Today, in Episode 36* of the Clockwork Game Design Podcast, I had a great conversation with BrainGoodGames‘ Brett Lowey. If you don’t already know BrainGoodGames, they make some of the best single-player strategy games out there. All four of Brett’s games—Militia, Axes & Acres, Skyboats, as well as his latest, Minos Strategos—are available on Steam.
But making great games isn’t necessarily enough for me to want to have a conversation with someone. What made me interested was “BrainGoodGames’ Design Commandments” which he posted on his site recently.
The conversation was great and went to a bunch of interesting places. We covered his commandments, of course, but discussed his origins and what he considers to be the successes and failures of his games.
I should mention also that Brett is one of the editors over at gamedesigntheory.org, the new site I recently launched that highlights current game design bloggers and media producers.
Enjoy the episode!
*PS I think I said it’s 35 in the episode itself – ignore me!
It is common to hear players talk about “tactics” and “strategy” in games. In this case, the colloquial understanding of these terms happens to be pretty useful, in that it maps well to something that actually goes on in playing strategy games. With that said, it’s worth taking a moment to clarify these terms:
“Tactics” usually refers to “short-term decision-making”. Questions like “should I move this character two steps forward, or three steps forward” are questions of tactics. Tactics are micro-level decisions in strategy game play.
“Strategy” usually refers to “longer-term decision-making”. Questions like “should I be aggressive early, or be defensive now and attack later on” are longer-scale choices about a game that players make. Strategies are macro-level decisions in strategy game play.
A few months ago, I posted a thread on /r/gamedesign about how we should make 2017 a year with more game design blogging. Since then, a few Dinofarm Forums members have talked about starting up a game design writing career (or re-starting one). The last few days have had a huge uptick in interesting, quality articles on game design. I may be biased, because these are people who hover near my circles, but I find these to be some of the best articles on game design I’ve read in many years. (Here’s the good news: if you’re a reader of my work, you may also have the same biases!)
Here are some of the users over at the Dinofarm Forums (and the Discord!) who have been writing stuff recently. Follow these blogs!
Evizaer – Some of my long-term fans might remember Evizaer from an appearance he made on my old podcast years ago. He recently has started up a new blog and has a new article up about analogy (sort of like theme) that I think is quite good!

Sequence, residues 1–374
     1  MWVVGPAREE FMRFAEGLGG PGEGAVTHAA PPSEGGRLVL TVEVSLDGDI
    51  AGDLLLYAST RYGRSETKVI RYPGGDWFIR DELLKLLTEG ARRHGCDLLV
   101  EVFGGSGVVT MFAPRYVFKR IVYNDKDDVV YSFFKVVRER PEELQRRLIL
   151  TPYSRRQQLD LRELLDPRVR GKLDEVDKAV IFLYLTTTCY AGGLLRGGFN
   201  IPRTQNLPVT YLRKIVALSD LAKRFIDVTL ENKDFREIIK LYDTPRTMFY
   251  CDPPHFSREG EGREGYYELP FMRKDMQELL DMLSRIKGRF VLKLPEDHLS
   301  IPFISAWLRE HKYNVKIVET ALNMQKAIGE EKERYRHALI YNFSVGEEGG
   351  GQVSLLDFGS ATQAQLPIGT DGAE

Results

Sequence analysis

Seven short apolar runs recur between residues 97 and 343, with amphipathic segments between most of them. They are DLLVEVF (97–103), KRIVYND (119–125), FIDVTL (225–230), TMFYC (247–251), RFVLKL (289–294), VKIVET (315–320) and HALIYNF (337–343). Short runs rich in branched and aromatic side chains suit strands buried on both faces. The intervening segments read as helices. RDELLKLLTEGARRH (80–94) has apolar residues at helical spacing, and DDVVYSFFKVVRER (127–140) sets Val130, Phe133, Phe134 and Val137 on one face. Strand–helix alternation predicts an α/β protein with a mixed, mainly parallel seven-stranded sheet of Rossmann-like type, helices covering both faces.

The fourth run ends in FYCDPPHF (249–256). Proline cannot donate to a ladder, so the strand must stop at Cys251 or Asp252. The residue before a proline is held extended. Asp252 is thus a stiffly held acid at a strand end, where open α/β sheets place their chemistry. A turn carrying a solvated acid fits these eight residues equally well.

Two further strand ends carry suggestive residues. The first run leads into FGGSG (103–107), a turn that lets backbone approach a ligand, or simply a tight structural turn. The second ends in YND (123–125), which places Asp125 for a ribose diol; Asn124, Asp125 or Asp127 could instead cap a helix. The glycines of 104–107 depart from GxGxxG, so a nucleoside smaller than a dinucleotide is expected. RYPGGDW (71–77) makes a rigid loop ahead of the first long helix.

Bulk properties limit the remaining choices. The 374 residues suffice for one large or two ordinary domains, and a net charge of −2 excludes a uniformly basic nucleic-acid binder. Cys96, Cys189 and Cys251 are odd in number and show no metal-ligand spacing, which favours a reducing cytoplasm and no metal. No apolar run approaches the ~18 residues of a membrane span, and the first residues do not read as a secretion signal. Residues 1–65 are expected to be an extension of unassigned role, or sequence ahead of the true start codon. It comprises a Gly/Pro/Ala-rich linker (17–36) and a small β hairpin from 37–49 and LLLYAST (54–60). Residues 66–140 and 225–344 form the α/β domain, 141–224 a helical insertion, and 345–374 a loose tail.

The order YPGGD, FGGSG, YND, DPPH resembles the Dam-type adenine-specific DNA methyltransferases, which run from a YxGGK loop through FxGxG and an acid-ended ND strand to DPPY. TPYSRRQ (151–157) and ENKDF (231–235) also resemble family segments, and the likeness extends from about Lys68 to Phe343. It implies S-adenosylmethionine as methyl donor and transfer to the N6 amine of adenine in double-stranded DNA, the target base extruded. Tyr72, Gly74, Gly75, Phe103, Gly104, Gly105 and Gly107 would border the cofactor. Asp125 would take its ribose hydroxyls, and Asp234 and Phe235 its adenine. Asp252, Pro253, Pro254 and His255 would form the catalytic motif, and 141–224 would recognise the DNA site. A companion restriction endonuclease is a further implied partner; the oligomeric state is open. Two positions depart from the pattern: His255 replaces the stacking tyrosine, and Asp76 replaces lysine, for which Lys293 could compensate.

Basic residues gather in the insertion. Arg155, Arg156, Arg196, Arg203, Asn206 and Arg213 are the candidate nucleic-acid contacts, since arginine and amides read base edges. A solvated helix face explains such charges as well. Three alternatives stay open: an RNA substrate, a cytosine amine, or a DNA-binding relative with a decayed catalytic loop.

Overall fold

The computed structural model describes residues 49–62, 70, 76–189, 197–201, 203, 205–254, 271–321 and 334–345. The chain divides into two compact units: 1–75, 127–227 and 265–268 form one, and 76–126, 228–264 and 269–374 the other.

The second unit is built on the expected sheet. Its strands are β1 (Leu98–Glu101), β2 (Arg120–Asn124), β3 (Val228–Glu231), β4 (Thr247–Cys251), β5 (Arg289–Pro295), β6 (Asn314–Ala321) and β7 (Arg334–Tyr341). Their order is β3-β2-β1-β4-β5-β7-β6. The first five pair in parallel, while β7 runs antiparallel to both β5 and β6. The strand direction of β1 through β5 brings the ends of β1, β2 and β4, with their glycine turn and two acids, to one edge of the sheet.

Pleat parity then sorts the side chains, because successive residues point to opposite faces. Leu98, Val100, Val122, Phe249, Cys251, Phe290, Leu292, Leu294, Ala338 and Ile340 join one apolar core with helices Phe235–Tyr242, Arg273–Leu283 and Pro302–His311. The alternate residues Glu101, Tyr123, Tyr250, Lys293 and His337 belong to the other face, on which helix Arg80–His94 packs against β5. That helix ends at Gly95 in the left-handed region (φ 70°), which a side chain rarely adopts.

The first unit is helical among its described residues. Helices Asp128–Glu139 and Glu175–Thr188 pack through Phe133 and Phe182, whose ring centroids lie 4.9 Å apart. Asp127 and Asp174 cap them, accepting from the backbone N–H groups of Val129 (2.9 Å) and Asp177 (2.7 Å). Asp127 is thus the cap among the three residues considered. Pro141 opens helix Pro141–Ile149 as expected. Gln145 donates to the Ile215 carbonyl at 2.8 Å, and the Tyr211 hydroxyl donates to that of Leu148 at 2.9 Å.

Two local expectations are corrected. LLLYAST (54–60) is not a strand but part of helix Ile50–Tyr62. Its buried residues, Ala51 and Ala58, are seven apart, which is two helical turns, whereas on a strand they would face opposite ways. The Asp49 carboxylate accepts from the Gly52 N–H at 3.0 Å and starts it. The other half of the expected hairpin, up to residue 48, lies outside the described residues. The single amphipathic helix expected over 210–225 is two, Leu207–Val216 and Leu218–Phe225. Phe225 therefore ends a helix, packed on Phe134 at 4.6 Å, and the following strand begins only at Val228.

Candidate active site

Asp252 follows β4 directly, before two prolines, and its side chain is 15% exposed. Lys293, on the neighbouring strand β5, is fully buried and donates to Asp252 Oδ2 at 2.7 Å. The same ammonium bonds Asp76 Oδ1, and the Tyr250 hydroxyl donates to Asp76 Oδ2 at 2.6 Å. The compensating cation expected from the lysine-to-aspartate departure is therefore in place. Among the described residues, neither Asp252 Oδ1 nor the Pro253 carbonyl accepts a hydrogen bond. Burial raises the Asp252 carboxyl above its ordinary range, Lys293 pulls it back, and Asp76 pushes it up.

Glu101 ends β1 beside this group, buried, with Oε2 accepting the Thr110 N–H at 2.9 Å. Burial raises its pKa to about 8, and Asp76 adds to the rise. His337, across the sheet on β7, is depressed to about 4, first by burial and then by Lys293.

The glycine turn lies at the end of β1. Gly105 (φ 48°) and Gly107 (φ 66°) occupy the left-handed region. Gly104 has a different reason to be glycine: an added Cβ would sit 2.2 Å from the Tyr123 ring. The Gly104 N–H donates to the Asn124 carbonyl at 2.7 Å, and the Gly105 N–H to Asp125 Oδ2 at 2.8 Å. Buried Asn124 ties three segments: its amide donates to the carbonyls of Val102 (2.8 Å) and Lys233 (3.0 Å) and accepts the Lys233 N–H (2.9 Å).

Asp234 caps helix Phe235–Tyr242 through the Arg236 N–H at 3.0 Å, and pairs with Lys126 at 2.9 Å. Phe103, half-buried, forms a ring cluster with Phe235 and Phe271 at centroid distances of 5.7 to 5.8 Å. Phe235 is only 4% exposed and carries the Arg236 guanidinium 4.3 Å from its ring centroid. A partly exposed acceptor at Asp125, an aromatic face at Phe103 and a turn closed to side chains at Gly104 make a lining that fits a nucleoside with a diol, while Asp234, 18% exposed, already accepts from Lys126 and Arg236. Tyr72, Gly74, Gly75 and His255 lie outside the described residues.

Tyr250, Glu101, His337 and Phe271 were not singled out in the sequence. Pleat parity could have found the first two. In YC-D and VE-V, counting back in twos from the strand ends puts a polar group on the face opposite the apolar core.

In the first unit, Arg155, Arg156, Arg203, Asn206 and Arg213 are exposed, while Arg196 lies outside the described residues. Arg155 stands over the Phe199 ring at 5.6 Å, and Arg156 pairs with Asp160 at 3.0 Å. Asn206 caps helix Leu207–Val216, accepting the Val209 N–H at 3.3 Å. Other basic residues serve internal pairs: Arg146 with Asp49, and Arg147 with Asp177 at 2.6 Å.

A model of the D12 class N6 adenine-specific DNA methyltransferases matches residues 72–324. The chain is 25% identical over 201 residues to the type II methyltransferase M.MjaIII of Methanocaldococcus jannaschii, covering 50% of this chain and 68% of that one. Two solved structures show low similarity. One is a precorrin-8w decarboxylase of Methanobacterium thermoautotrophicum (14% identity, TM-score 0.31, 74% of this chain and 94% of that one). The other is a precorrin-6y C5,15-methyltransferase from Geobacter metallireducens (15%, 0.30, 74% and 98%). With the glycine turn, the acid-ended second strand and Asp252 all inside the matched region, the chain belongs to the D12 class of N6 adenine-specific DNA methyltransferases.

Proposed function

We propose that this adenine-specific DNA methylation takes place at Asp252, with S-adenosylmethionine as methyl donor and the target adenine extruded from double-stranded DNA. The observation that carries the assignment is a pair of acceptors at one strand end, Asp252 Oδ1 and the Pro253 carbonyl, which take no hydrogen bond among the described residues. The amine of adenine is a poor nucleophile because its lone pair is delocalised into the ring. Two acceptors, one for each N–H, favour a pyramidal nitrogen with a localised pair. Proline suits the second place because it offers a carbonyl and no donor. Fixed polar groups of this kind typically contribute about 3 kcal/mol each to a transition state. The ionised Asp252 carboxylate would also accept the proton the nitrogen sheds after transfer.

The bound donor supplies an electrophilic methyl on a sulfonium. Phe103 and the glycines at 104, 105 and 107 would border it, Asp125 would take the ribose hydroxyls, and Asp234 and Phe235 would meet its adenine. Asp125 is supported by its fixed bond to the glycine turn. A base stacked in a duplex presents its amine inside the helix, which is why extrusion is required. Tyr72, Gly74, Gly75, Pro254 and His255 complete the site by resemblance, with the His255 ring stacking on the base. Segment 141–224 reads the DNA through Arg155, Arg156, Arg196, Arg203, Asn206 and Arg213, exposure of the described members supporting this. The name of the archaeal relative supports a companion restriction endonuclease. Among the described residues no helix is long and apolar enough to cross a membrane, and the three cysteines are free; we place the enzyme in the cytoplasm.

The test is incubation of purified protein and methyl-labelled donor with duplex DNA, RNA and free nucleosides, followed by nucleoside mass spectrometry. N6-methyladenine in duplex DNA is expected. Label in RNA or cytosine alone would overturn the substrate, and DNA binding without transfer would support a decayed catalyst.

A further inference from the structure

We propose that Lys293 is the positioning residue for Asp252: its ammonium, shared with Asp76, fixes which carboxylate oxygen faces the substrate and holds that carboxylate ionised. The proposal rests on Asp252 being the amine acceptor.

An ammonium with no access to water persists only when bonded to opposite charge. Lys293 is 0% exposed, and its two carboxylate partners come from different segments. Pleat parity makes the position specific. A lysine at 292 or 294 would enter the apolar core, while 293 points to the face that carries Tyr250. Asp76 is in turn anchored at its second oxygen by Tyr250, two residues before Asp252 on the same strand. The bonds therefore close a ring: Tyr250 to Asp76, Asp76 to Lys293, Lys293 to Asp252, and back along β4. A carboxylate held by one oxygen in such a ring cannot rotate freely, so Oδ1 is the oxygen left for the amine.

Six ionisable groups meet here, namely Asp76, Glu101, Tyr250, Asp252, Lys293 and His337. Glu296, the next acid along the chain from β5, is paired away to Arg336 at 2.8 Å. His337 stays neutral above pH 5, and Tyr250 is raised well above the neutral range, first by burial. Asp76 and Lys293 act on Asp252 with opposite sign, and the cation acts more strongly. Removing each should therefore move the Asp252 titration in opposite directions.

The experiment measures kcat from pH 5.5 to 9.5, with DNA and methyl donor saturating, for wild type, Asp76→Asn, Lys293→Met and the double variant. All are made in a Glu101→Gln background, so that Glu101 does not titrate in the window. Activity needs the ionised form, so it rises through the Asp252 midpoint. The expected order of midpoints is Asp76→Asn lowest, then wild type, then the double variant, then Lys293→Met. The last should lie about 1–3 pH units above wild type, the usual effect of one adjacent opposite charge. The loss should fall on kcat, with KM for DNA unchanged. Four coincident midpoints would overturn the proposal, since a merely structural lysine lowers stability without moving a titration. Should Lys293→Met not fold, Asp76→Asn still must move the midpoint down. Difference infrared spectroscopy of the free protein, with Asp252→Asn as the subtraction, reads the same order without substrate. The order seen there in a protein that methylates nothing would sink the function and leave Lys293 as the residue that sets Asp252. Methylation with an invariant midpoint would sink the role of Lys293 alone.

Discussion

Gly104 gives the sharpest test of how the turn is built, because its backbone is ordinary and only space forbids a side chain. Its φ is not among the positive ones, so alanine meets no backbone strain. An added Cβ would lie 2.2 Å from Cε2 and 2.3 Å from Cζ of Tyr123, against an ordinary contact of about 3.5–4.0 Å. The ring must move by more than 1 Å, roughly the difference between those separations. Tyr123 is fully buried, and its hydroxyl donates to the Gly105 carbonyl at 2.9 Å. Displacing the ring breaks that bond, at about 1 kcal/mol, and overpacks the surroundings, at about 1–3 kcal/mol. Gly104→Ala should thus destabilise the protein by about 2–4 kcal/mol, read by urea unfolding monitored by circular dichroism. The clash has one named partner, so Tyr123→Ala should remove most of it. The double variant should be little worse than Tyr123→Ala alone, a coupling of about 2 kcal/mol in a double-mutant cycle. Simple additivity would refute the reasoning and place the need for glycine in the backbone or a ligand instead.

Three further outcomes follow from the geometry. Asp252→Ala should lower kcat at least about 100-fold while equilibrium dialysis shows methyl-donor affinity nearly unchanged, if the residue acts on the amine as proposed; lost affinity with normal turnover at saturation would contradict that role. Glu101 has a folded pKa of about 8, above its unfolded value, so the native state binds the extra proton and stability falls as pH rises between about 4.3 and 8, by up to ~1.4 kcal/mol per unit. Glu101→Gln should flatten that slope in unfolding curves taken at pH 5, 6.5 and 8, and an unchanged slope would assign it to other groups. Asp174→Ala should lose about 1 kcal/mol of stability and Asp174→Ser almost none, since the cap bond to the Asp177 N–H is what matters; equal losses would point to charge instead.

Elliot George – A newcomer to the Dinofarm community, Elliot produced this great piece, which is easily one of the most thoughtful pieces on strategy game design I’ve read in years.
Disquisitor Sam – Started his new blog last year (I think) but it has recently gotten a facelift. His article on Auro I particularly recommend!
Already, 2017 is looking like it might be better than the last three years of game design writing combined. I should mention that a lot of these have happened in the last 36 hours. There are also rumblings on the forum of other people who are also starting blogs. Like I said in that reddit thread: if you’ve been thinking about writing about game design, do it! Ping me anywhere you can, and I’ll share your work. I want to do whatever I can to help foster a community of thought on game design.
I’ve been working on this game since late 2015. It started as an abstract dragging-stuff mobile game like Threes, then become more of a single player turn-based League of Legends, and now has become a strategy/tactics game that doesn’t resemble anything in particular.
Here’s a rundown.
It’s an American Gladiators or Nickelodeon’s Guts! type of TV game show. A sport – played single player, against basically an advanced strategic obstacle course, fighting robotic minions.
What are the criteria that make something a good “Clockwork Game”?
The Clockwork Game Design model is something I have been working on for the last five years or so. It is specifically an effort to figure out how to make the most elegant and effective strategy games possible. There are certainly practical reasons why you might not want a specific game to be a Clockwork game. But to the extent that you want your strategy game to be elegant, you should adopt as many of these principles as possible.
Below is a list of criteria that strategy games should strive for. I am sorting them by how controversial they are. In other words, I am putting the stuff people pretty much agree upon towards the bottom.